Worried about a child
Concerned about how a child is coping?
It is completely normal to experience feelings of loss and grief following a bereavement. Some experts suggest that it’s to be expected that these feelings may well last up to six months without cause for concern.
However, if a child has suffered a traumatic death, is struggling to cope, is displaying behavioural concerns, or the grief seems to be enduring for a longer period, help is available from our OWLS children’s bereavement service.
How we can help
Our OWLS – Overcoming Worry, Loss and Sadness – children’s bereavement service is there to offer advice, help, guidance, peer support and even therapeutic support to youngsters and their families who need it.
OWLS aims to help youngsters where there is little other help available. Initially it will help children aged up to 11 (and their families) in Leeds and surrounding areas. Other families and children will be able to benefit from telephone or online advice and our downloadable resources. We hope to be able to increase the support we offer in person to other areas as the service develops.
How to get help
If you are concerned about a youngster, or would like some advice, please get in touch. We welcome contact from parents, guardians, family members, teachers, health workers or other professionals. You do not need to be formally ‘referred’ to the service.
Our bereavement service co-ordinator will be your first port of call.
They will help support and guide you through this difficult time, and can offer advice, information – and compassion and understanding. They can speak to your child’s school if necessary and also help direct you to organisations who may be able to help with some of the practical issues around a death.
If appropriate, they may offer your child a place on one of our OWLS peer support activity sessions.
For children who are most severely affected, you may be offered 1-2-1 therapy with our experienced children’s psychotherapist. In offering therapy, we are committed to taking a holistic approach and will involve the whole family, including older children, if there are any.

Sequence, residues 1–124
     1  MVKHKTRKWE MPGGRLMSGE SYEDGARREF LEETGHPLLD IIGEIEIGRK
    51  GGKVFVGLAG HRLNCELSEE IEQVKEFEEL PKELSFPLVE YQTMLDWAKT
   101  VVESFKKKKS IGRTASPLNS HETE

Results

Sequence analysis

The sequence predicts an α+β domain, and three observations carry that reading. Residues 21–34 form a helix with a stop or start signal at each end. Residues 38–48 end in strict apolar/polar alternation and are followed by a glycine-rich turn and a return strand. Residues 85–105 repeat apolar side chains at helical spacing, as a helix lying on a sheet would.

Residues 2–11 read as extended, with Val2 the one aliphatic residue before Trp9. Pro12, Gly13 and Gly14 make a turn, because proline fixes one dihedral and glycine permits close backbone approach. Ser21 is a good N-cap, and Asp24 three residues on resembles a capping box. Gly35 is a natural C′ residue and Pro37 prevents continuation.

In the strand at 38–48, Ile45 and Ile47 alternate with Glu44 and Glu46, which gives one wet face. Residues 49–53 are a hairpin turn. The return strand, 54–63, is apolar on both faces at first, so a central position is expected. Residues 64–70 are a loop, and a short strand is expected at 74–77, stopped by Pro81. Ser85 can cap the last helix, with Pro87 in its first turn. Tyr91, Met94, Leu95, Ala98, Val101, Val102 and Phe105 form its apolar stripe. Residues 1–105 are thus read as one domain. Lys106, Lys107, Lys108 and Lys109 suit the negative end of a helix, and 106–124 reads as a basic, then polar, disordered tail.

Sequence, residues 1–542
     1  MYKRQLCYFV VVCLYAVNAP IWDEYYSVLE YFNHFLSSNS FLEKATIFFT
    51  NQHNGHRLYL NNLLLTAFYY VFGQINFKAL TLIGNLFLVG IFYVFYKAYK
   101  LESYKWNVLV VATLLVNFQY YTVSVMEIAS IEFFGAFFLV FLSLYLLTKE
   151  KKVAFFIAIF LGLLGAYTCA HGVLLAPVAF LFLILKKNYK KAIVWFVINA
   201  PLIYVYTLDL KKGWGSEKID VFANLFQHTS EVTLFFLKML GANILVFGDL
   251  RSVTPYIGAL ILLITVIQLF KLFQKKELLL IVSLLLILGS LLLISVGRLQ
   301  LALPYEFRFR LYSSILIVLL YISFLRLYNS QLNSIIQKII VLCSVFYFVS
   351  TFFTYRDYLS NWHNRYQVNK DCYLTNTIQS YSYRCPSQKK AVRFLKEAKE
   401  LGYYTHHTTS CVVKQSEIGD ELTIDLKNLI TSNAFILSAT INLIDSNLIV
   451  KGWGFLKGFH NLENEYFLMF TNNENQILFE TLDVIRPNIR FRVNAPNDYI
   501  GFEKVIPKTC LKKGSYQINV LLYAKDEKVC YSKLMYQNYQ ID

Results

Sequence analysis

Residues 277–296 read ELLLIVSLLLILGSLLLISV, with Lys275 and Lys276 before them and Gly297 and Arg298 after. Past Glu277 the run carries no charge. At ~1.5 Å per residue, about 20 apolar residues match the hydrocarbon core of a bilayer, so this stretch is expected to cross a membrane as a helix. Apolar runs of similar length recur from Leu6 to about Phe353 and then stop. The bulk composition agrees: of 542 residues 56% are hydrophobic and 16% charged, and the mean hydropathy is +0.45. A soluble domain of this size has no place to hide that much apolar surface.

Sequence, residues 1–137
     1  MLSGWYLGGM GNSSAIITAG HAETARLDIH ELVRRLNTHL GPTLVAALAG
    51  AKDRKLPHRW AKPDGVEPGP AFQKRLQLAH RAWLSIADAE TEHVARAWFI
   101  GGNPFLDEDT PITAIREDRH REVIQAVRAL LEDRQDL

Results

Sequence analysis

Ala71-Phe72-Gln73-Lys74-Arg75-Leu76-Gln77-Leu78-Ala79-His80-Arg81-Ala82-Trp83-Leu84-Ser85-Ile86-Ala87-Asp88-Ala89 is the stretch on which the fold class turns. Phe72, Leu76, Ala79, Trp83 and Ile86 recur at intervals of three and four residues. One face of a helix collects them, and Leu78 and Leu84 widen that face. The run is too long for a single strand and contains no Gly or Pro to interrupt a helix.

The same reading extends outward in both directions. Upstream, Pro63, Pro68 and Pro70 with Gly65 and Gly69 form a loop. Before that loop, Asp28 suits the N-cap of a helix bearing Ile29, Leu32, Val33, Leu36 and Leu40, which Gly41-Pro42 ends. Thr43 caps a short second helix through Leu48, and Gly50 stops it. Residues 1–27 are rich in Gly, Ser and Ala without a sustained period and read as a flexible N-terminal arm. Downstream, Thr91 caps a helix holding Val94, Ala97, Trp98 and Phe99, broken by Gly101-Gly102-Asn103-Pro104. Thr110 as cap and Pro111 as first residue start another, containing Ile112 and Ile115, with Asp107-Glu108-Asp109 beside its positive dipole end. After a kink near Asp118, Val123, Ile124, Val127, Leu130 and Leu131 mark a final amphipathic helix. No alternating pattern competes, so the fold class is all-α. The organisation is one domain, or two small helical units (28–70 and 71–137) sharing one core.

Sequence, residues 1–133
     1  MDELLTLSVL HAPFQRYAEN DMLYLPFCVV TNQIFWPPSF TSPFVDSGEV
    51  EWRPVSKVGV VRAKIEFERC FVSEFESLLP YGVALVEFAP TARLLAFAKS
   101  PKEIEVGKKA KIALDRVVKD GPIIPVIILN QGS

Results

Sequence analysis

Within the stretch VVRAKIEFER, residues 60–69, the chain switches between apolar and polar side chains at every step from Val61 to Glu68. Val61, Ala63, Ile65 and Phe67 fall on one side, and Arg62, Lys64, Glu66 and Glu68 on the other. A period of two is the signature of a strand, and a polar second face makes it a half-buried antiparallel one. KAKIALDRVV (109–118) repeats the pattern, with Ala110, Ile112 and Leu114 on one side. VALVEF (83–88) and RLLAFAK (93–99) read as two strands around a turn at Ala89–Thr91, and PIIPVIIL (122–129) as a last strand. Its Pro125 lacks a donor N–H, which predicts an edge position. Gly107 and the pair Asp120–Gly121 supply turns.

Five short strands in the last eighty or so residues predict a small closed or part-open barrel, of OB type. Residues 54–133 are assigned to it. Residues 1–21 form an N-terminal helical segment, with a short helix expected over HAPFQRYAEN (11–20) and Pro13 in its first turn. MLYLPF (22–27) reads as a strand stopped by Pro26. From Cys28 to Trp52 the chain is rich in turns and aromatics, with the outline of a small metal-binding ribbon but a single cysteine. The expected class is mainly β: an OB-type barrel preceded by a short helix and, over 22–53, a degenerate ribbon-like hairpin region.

If you would like more information or to speak to our bereavement service co-ordinator, get in touch below.
All of services are provided free of charge, thanks to our fundraisers.
What are peer support days?
Our peer support days are there to help youngsters meet children in similar circumstances. The sessions aim to help children understand that they are not alone – and, crucially, allow them to have fun and laugh.
Children who have experienced a death often feel they shouldn’t be seen to be happy or enjoying themselves for fear of upsetting someone else in the home.
OWLS activity days will allow children to be children, without having to worry about that. Parents, guardians or other family members may also be invited as a way to meet and to support each other.
The activities will vary from session to session; they could be a morning at a trampoline club, bowling, woodland adventures or picnics in the park. The youngsters could also take part in play therapy such as making memory boxes.
What does therapy involve?
Children and families, where appropriate, may be offered a series of one-to-one therapy sessions. At OWLS we focus on dramatherapy, which is especially useful in young children and offers a safe way to begin to explore emotions.
What is dramatherapy?
Dramatherapy is a branch of psychotherapy which uses creative expressive mediums in order to communicate and explore feelings and issues.
It's not about performing or acting; instead it uses metaphor to offer a safe space in which difficult issues can be looked at without being threatening and without causing any further trauma.
Within a dramatherapy session, children will have access to a whole range of tools to support them and explore their thoughts and feelings, such as: talking, objects, storytelling, myths, masks, puppets, movement, improvisation, play, music and art.
Dramatherapy can be used as an alternative or pre-cursor to talking therapy. It offers a safe, distanced way to begin to explore emotions and events which are having an effect on the child's life. It can have a positive effect on behaviour ans attitude and boost self-esteem, social interaction, communication skills and self-care.
About our therapist
Our dramatherapist Chloe Haines is a qualified child psychotherapist with a Masters degree from Roehampton University.
She began her professional career as a special needs teacher. After eight years teaching in mainstream and special needs schools, Chloe decided her passion was in supporting the emotional and psychological well-being of both adults and children.
As a dramatherapist she has experience in working with children with psychosis, trauma and a range of mental health diagnoses in an NHS and school setting.
Are you an adult coping with the death of someone close?
If you would like support following the death of someone close to you, Leeds IAPT (Improving Access to Psychological Therapies) offer one to one therapy, support online or group therapy.
You will need to be over 17 years old and registered with a GP in Leeds. To refer yourself or for further information, visit the Leeds IAPT site below.